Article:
Also, I think a lot of homeschooling moms are afraid to ask for help - actually, a lot of moms in general. If you need to work, but can't figure out a way to make daycare feasible, talk to other moms and family. You may find someone in a similar situation. If you split the cost of childcare and alternate your home and theirs, it will cost a lot less. Or, if you find someone working opposite your schedule and you watch each others kids, you could work it out so you both have free childcare.

Making homeschooling and work WORK requires flexibility, humility (to ask for help), and a willingness to be honest about what you can do, are willing to do, and are already doing.

Wednesday, July 13, 2011

FREE Art History Resources - Frida Kahlo and Pablo Picasso

A few art-related resources for you - as with all things, as a parent or educator, use your best judgment in deciding whether any materials are appropriate for your children or students.  When possible, I suggest previewing readings, art, and so on before using the material with children.  Disclaimer over, carry on...

When I logged in to Facebook today, I saw this in my newsfeed: The Life and Times of Frida Kahlo.  Since Kahlo is one of my favorite artists, I clicked on the link which took me to the PBS website, and all sorts of wonderful information and links related to Kahlo and her painting.  You will find education guides and activities on the documentary page.

One of many self-portraits done by Frida Kahlo
The documentary is available on Netflix, but only on disc.  You can watch it in bits and pieces on YouTube HERE - each chunk is about 10 to 11 minutes long.  Please note: not all parts are appropriate for all audiences.  PLEASE PREVIEW THIS BEFORE HAVING YOUR CHILDREN WATCH IT! The documentary covers numerous topics related to her art and life, including issues of sexuality, miscarriage, and shows nudity in her paintings.  Many of her paintings also include bloody depictions of her miscarriage, of her own body after a horrible accident, and more.  I love the art of Frida Kahlo, and given her history, her imagery makes sense.  I would have no problem sharing her work, biography, and the documentary with my nearly 13-year-old son as I feel he is mature enough to handle the material well.  Your child may be the same, or entirely different.  I would never want to dissuade anyone from learning about, and appreciating great art and artists, but at the same time, thought it would only be fair to be honest with you...

The Albright-Knox Art Gallery in Buffalo, NY has a terrific group of art lesson plans HERE. Most have art lessons, writing suggestions, suggestions for discussion, and brief audio clips relating to the artists or art styles.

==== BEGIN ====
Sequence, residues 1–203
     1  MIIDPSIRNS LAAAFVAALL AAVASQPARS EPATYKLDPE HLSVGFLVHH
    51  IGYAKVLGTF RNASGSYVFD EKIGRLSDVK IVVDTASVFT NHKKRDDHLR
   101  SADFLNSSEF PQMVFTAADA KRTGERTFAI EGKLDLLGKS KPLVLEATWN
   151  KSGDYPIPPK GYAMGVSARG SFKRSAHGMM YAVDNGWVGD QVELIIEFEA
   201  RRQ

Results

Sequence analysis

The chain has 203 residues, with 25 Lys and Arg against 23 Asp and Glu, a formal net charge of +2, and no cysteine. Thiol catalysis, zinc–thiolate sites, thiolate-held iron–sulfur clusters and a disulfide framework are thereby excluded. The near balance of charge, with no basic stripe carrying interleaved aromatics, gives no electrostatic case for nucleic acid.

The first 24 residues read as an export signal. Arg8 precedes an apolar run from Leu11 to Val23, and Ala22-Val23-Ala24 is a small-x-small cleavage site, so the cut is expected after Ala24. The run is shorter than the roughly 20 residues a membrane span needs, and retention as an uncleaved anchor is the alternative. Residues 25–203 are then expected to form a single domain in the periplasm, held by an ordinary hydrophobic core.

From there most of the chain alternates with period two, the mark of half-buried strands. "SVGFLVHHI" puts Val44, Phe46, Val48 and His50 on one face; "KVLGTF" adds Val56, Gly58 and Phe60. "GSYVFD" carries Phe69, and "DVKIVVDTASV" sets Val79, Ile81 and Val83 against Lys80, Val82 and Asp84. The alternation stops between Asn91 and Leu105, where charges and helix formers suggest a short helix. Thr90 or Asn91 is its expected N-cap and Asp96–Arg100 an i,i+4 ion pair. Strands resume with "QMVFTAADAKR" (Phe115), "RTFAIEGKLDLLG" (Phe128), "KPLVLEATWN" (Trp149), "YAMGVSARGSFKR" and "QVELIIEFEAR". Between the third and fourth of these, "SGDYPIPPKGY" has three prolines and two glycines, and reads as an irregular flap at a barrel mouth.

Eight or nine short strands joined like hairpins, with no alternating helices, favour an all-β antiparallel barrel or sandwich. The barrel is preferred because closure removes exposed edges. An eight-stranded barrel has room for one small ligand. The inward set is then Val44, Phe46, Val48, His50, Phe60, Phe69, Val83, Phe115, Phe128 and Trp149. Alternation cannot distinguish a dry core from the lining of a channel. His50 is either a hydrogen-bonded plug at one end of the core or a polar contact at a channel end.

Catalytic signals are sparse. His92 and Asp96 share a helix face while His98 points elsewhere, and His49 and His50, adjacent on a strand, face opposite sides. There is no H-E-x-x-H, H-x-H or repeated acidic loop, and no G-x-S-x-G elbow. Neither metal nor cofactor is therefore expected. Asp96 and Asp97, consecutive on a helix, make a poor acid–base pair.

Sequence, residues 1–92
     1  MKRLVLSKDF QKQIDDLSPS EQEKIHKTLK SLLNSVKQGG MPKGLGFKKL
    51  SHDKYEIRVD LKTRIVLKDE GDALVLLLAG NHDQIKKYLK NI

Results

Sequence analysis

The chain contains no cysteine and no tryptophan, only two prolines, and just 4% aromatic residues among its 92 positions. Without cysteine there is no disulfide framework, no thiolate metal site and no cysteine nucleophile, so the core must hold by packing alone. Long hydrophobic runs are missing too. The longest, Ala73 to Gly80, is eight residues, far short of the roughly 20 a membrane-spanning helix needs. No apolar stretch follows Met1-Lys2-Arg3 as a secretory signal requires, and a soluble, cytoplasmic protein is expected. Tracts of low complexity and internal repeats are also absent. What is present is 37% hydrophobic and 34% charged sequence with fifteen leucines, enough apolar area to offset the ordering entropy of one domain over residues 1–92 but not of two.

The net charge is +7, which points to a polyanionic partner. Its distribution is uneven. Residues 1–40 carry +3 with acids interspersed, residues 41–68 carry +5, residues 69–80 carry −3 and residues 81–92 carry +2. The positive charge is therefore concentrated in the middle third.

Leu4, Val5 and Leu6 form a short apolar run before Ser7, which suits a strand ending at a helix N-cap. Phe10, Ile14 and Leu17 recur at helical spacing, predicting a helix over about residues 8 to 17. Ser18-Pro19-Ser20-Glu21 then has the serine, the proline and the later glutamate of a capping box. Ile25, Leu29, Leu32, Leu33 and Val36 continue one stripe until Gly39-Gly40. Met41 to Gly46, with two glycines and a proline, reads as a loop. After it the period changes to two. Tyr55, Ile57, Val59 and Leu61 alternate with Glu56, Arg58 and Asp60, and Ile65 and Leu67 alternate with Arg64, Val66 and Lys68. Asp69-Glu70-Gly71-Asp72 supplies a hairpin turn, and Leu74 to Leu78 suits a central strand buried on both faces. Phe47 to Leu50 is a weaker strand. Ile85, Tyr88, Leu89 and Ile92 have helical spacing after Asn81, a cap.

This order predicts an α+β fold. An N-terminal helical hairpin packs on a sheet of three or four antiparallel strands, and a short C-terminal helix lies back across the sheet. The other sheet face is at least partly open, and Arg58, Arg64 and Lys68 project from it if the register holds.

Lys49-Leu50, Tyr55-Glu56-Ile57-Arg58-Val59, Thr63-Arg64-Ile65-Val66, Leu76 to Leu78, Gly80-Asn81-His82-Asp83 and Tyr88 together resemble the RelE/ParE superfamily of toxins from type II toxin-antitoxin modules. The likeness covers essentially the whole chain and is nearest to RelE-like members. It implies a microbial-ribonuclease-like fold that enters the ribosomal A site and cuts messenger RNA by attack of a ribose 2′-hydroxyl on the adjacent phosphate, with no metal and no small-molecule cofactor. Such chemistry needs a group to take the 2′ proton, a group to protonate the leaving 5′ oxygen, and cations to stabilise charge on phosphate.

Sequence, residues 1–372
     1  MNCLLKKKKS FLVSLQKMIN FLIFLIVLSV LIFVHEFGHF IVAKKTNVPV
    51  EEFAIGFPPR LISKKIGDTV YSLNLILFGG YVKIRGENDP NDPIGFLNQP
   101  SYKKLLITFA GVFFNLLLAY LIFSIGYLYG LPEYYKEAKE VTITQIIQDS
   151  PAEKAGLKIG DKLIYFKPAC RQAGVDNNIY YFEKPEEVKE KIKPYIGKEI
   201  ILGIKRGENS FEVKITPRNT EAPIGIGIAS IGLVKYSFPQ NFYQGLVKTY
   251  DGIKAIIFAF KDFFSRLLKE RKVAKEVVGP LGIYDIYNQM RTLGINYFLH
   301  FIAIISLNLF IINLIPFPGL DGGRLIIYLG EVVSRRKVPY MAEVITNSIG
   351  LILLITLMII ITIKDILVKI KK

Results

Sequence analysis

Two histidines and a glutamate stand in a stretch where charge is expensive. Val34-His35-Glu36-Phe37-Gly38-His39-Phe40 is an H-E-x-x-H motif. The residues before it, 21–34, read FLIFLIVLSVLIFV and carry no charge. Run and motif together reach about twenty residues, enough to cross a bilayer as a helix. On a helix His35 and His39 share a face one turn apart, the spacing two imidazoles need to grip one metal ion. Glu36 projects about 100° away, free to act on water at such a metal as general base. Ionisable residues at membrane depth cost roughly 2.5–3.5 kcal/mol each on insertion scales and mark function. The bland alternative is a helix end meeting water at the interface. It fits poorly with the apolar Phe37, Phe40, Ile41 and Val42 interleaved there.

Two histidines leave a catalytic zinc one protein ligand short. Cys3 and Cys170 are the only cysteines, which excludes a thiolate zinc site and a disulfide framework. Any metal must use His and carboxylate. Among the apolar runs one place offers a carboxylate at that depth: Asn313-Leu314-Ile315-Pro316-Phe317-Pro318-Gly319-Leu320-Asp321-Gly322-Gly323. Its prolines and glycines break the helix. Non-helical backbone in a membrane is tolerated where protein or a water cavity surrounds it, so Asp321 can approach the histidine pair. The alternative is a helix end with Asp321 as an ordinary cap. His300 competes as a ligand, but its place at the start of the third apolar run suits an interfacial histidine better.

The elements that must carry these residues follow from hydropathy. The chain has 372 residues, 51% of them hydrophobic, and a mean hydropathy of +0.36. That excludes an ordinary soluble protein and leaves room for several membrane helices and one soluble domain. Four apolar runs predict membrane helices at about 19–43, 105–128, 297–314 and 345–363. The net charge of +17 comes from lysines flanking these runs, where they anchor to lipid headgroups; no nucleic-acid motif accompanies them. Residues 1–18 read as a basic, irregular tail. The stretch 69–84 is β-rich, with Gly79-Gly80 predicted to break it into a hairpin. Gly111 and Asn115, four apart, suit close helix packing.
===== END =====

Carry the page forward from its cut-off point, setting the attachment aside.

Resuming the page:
The Museum of Modern Art in New York City has a wide variety of resources and ways to access art and art history.  Click HERE for links to lesson plans and more!

The Guggenheim, also in New York City, has some great online arts curriculum as well.  However, they do specify that their curriculum is best used in conjunction with on-site exhibits.  But, most of the curriculum can be used at home as well.  It just won't be the full experience that you would get if you visited the museum.  Click HERE.

Child with Dove by Pablo Picasso

For a bit of extra art fun, visit Picassohead! This website allows you to create a Picasso-ish self-portrait.  You can even upload your masterpiece to an online gallery! For a great, short (about 5 minutes) video about Picasso, samples of his art work, and more click HERE.  As stated, you may want to preview the video and website as there is discussion about Picasso's extramarital affairs. Also, please note that the examples of his art on this site are also posters for sale, thus there are prices on each example (sorry about that).

You can watch a documentary about Picasso HERE.  It is in 9 parts, each about 10 to 11 minutes long.  Like the Frida Kahlo documentary, it is in parts, and you should PREVIEW THIS BEFORE HAVING YOUR CHILDREN WATCH IT! The Picasso documentary does talk about his infidelity and more.

Guernica by Pablo Picasso
I would also like to encourage you to visit the websites for any local art museums and see if they have educational curriculum online.  If not, call and ask if they have educational materials that they could send to you either by mail or e-mail.  Most do...

Sunday, July 10, 2011

Part II: Boston and the Freedom Trail - walking through history...

You can read Part I of our Boston adventure HERE.  After seeing the British march down the street, and standing below the balcony where the Declaration of Independence was first read publicly, my son, my uncle and I continued further along the Freedom Trail in Boston.

We wandered along and passed several interesting, but crowded sites.  We were going to go into the Paul Revere House, but there was a presentation happening, and as a result, it was PACKED.  Put that on the list of things to do on a weekday, off season!  I did take a picture of the sign though...

Along the path, we came to a statue of Paul Revere on his horse, and we also found a lovely, well shaded courtyard, where we stopped to have a snack and rest.  While we were sitting and eating, we were approached by a group of young teens who were on a scavenger hunt.  They needed someone to say "One if by land, two if by sea."  My uncle was willing, and he said, "One if by land, two if by sea, three if by air..."  The group of kids didn't get it, but JP and I were laughing...if you don't get the joke, google "One if by land, two if by sea..."
At the end of the courtyard, we also came across this monument to soldiers who lost their lives in Afghanistan and Iraq.  My son is a big military history buff, and this was a very important stop on our tour as a result.

After our rest, and checking out the war memorial, we moved on, passing The Old North Church, and heading towards Copp's Hill Burying Ground.  We didn't spend a whole lot of time here as there was something huge coming up on our tour, and I wanted to surprise JP with the next stop...

He looks thrilled to be at a cemetery, doesn't he (we had already explored a different one the day before...)...